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Blog - Dolly Sen

Collaborative contribution to ‘How not to receive a diagnosis of ‘personality disorder’ / 24 November 2015

A blue leaflet with the following text: 1) Try not to be female (for BPD). 2) Do not argue your point of view with the professionals. 3) You cannot be seen to like some staff members more than others (this is SPLITTING behavior). 4) Do not under any circumstances harm yourself. (This will more than likely be seen as a) manipulative b) attention seeking c) a communication of your distress caused by your underlying PD. 5) Do not make statements, which can be interpreted as black and white thinking. For example, the nurses all hate me. Try instead to make unrealistic, robot like, rational statements such as 'Enid, Mary, Silvia, John, Mark and Boteng have all shown epic distain at my presence on the ward, but an agency nurse once smiled at me in 1992.' 6) Do not admire or pin any hope to a professional who appears to understand the social context of you distress (this is idealisation my dear). 7) Do not complain about anything. Ever. 8) Try to avoid working with professional who look a bit tired. If they eventually go off sick you will inevitably be blamed for this. (Of course because you are a difficult patient). 9) Things you can talk about: how medication is helping you, mood swings (BUT only extreme ones that last long enough to fit within a diagnosis of bipolar, that's an ok one as Stephen fry made it a bit edgy), Do talk about how much the system is helping you, be eternally grateful to every professional you meet, tip your hat slightly to the side and say the words 'thanking you kindly for your 'help sir'. 10) Things you should not talk about: Abuse - of any kind, patterns in your relationships because of this abuse, existential dilemmas, perceived flaws in the system or anything to do with individual staff members. 11) You never ever; over/under eat, drink, exercise, and are never impulsive with sex, shopping, driving and you LOVE being alone. 12) If you are from cultures seen as "traditional", never say you even think about sex unless you are in a proper family approved heterosexual marriage. 13) To avoid BPD diagnosis you must not point out that the psychiatric teams are blaming you for their own inadequacies, their 'externalised locus of control' and 'refusal to take responsibility'. 14) Do not tell the psychiatrist you think you may have PTSD. (Don't be stupid now, everyone knows only soldiers can get this, are you a soldier?). 15) They are addicted to using PRN medication to relieve their anxiety, instead of more 'adaptive' coping strategies. Only problem is, YOU have to take it. 16) Talk with enthusiasm at the idea of being abandoned. Relish the idea whether it’s real and/or imagined. 17) If you attempt suicide make sure you are successful or it will be deemed attention seeking. 18) If you do by chance happen to self harm, make sure it is a life threatening, Stephen King style canyon of a gash, anything less than this will be clinically defined as 'superficial' adding to the likely hood of the PD label being applied. 19) BPD diagnosis is a mirror to professional’s behavior, described as the personal characteristics of the service user. 20) Never phone the crisis team and say you'd like another visit (tick box dependency issues). 21) Hide any teddy bears or such like when they come round to visit (“too childish”). 22) Never refer to your psychiatrist's affection for the DSM as 'ideas of reference'... 23) When they suggest cutting back on support, appointments etc, pause and think and then say, "yes, that's good, I feel I am ready to be more independent". 24) Be attractive but not 'coquettish'. 25) Do not at any point mention that you sometimes question who you are. You should know exactly who you are, be definite, unchanging about this (only people with PD ever question their identity). 26) Do not change your hair color too frequently. This will be interpreted as evidence of the above. 27) Always repeat when questioned that your attachment with your mother & father was always loving and supportive. 28) All depression, voice hearing and suicidality is ‘pseudo’ so please ensure the death certificate is recorded as ‘pseudo death’ and according to Joel Paris MD it was a ‘career’ so make sure your CV is updated posthumously. 29) Remember that inequality does not exist; it is your perception that is flawed. 30) Never, if you can manage it, express anger to MH professionals. Even when it’s understandable, genuine and valid! 31) The appropriate response following an OD to the question 'how much did you take' is ‘clearly not enough'. This is also likely to get you sectioned. 32) Never become a 'skilled' Service User. Understanding the games that nurse’s play will only get you described as 'playing games'. 33) Your mental health team believes in its adequacy, despite all evidence. Do not do or say anything that threatens professionals' fixed delusional beliefs, they may 'decompensate', becoming either coldly punitive and violent or weirdly smiley and dissociative, forcing you to have too much 'service' and then none at all. 34) Don’t ever ask a MH prof to ‘see you all the time and kiss your cuts better’ (as stated by a PD expert). 35) Act dumb as intelligence is viewed as a facet of PD (unlike psychosis where its assumed you’re less intelligent). 36) Failure to respond to medication or recover (or the CMHT needs to reduce numbers with discharges) means reclassification to PD. Disclaimer: unfortunately our suggestions above are not fool proof and we’re not encouraging… Recovery In The Bin™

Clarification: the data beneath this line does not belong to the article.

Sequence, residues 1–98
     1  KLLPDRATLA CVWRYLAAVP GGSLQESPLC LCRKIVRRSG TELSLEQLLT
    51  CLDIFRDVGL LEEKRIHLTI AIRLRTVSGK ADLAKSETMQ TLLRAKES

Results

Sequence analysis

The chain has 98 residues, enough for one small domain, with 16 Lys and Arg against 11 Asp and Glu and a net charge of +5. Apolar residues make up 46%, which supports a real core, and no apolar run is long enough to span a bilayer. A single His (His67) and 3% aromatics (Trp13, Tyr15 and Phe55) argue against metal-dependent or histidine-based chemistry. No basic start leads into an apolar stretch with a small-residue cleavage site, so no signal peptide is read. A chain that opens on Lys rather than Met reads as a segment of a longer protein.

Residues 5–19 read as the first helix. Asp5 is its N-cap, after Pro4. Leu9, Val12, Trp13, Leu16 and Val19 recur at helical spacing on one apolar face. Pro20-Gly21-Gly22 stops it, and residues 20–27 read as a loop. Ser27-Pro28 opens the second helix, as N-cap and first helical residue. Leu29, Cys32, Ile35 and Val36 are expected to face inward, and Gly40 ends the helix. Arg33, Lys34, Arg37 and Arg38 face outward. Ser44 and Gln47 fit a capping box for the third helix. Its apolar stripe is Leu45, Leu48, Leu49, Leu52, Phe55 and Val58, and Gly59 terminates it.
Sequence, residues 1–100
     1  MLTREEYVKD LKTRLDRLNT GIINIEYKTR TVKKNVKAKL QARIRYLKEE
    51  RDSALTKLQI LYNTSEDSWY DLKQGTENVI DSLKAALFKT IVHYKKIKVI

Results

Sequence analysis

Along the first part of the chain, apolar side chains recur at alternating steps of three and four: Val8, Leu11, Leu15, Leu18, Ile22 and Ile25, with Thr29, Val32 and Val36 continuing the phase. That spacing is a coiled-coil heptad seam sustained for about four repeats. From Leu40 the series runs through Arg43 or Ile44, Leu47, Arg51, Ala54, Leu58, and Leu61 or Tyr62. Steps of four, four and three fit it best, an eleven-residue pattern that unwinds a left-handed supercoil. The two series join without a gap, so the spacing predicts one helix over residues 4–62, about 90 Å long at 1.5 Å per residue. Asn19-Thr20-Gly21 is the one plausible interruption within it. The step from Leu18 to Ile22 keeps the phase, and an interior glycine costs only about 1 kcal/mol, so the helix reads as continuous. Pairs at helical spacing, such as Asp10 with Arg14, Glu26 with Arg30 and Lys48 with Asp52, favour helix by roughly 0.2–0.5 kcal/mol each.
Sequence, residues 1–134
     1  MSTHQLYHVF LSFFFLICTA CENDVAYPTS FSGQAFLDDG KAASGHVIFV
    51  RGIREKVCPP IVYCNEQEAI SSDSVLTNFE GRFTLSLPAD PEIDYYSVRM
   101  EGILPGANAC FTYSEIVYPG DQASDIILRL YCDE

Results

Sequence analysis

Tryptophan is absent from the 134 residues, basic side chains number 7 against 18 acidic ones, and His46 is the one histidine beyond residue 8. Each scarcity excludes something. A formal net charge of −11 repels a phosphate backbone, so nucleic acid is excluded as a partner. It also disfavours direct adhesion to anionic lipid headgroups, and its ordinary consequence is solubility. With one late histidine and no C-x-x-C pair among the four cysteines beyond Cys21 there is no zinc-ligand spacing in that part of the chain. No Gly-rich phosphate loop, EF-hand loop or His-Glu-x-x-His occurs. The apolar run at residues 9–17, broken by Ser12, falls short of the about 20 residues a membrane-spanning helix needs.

Guide to not receiving a diagnosis of personality disorder

Here is another guide, this time most of it not written by me, but a collaborative endeavour from Recovery in the Bin. My contribution was turning it into a leaflet, and adding the extra text and images. There isn’t room to show the whole leaftlet, but here are the first 4 pages.

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Alan Morrison

Margaret/ 28 November 2015

So brilliant and true loved this and good recommendations.


I LOVE this!! Would love to offer myself up for a collaboration!